Is the discussion bothering you, madam? I’ll tell them to lower the intellectual tone down for you, so you can go back to sleep.

  5. Here’s the fundamental problem of this alleged “realism”:

    “The primary goal of the state should be to protect the territorial integrity of the United States and the property rights ? broadly understood, including throughout the global commons ? of the people residing within it.

    What this asserts is that “national interest” extends to every private citizen’s interest everywhere in the world. That isn’t realism, it’s hallucination. To imagine that the U.S. government can and must protect every citizen’s investment, involvement, or chosen risks in every nation, irrespective of that nation’s laws or presumed sovereignty, is a recipe for disaster.

    There’s no harm in pursuing good policies in foreign government by diplomacy, but committing every resource of the U.S. – including military – to the protection of every citizen’s interests will certainly bankrupt our country and encourage every form of intervention that might be contemplated.

    1. If you read what follows from that statement of “defining interests”, he actually defines ‘realism’ as the recognition of the ‘limiting factors’ to those ends.

      IOW, you’re arguing with a straw man.

      Actual Realism/Realpolitik

  6. Great discussion everybody.

    One issue that I don’t think was discussed enough here is the fact that hawks simply lie when debating foreign policy. Here is an excellent dialogue between a libertarian and a sociologist (from a business school in the Silicon Valley) where the libertarian catches the sociologist in a lie and the sociologist refuses to man up to his dishonesty.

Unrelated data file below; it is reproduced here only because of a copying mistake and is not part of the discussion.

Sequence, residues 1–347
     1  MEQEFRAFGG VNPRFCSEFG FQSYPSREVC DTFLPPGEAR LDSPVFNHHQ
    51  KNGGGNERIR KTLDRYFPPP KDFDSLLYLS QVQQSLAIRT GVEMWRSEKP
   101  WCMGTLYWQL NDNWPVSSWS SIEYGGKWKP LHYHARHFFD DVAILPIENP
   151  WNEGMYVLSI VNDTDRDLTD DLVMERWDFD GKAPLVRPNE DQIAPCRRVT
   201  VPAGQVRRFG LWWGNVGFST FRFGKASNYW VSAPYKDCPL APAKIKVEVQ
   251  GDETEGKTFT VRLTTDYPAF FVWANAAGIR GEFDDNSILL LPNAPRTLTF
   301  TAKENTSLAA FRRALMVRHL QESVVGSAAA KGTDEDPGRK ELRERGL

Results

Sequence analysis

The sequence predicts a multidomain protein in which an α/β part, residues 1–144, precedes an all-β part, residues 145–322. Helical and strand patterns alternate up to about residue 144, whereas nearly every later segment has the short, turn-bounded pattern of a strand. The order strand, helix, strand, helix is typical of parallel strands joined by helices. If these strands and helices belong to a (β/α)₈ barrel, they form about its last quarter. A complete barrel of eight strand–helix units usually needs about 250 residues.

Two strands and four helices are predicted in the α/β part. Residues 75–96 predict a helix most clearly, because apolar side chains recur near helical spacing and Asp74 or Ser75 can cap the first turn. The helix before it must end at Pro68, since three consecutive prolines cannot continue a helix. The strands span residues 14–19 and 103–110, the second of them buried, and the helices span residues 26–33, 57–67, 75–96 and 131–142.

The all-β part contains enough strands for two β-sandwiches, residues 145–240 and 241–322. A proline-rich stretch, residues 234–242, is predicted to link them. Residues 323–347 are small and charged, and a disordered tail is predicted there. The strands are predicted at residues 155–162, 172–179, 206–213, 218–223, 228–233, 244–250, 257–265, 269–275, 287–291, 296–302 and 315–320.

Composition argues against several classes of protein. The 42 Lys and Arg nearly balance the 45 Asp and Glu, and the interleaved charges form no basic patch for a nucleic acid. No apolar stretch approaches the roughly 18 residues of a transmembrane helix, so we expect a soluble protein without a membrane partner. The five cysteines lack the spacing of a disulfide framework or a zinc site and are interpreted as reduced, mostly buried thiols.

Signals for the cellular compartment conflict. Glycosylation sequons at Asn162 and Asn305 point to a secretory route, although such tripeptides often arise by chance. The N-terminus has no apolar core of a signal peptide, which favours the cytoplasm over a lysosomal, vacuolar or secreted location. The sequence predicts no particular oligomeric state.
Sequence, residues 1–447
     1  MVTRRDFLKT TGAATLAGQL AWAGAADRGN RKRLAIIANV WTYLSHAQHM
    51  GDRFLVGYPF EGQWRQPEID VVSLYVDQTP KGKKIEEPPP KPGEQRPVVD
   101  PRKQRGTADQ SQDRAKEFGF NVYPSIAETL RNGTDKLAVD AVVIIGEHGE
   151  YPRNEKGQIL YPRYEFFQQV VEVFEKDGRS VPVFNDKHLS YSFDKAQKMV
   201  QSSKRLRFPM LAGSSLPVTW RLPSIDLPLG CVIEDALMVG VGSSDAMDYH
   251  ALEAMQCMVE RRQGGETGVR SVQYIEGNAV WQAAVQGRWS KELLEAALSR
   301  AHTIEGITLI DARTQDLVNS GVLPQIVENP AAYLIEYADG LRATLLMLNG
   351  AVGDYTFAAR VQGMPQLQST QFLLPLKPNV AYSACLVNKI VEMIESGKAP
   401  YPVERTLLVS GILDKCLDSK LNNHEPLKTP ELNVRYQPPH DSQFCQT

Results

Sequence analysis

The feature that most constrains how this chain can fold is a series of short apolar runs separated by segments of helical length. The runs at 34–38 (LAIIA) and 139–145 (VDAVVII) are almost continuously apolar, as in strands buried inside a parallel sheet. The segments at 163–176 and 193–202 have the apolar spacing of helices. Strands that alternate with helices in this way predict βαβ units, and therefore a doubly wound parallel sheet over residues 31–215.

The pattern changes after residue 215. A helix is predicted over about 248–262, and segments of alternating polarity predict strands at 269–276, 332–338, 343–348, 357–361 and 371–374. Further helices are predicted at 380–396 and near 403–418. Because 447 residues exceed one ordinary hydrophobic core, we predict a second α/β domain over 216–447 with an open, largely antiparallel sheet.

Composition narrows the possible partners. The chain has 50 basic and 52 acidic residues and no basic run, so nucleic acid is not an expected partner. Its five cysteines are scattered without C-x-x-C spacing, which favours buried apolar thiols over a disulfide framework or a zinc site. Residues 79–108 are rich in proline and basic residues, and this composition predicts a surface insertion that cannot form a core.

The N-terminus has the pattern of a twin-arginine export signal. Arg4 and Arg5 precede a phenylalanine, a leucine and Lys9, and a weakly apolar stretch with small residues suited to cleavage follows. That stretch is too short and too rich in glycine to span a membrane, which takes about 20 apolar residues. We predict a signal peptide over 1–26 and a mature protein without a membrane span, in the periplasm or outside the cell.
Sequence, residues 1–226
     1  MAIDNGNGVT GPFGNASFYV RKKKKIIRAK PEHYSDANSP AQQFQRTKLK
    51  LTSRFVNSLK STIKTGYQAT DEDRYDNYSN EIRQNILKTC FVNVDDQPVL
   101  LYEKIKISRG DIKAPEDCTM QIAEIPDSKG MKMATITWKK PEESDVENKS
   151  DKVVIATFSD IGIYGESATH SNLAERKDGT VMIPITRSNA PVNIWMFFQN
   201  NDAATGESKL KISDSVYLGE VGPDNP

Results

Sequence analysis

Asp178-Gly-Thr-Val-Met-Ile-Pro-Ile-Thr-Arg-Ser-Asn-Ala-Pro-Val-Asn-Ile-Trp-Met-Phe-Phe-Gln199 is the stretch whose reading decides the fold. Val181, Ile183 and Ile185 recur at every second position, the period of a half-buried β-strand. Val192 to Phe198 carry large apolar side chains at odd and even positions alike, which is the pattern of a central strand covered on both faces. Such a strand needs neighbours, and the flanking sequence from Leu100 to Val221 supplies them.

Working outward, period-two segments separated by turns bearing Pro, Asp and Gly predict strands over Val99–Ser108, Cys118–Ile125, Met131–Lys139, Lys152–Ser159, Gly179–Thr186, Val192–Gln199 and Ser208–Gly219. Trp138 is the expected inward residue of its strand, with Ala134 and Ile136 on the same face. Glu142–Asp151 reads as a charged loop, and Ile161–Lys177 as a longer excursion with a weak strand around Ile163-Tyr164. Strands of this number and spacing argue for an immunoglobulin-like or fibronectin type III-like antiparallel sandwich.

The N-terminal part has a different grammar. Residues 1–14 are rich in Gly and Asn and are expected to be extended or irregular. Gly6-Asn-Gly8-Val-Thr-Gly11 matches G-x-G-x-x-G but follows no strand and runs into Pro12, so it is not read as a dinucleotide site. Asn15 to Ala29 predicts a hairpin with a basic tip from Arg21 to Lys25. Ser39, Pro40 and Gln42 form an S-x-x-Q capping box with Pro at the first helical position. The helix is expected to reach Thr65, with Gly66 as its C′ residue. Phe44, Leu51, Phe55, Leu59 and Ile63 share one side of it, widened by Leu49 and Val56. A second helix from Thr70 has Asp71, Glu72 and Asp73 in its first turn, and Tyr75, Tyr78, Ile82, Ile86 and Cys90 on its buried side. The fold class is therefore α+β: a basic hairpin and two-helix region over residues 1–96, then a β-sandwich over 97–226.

The whole dialogue captures the basic essence of US foreign policy debate today.

  7. How can you explain the fact that russian ruble is falling down like crazy? Russianes dont see the point! I had to hire a personal essay writer to write a paper 4 me about it and guess what he did? He supported Vladimir Putin, is not that weird?

  8. How should anti-interventionism apply in the real world?

    Eaasy. Mind your own fucking business.

    What is it about it that is so difficult to understand?

    1. Wouldn’t it be fascinating to see what the world would look like today if the U.S. didn’t meddle? Not just the ME, but the Phillipines, Japan, WWI, etc.

      1. Re: Libertarian,

        Wouldn’t it be fascinating to see what the world would look like today if the U.S. didn’t meddle?

        For instance, there wouldn’t have been a Treaty of Versailles and thus a Second World War. The British Empire would most likely not pursue the war with the same zeal had it been made clear by the US government that the only help it would receive would be in the form of sales of weapons and cartridges from US private companies – cash in advance, please. No IOUs.

        1. And perhaps the Middle East, as we know it today, wouldn’t even exist — there would be no reason to be meddling there now.

    2. Apparently, everything.
      When was the last time you saw anyone ‘minding their own business’?
      Smoking, drinking, child-rearing, schooling, drugs, you name it, people will get all up in arms about *what other people might be doing*, even when there is no conceivable impact on them.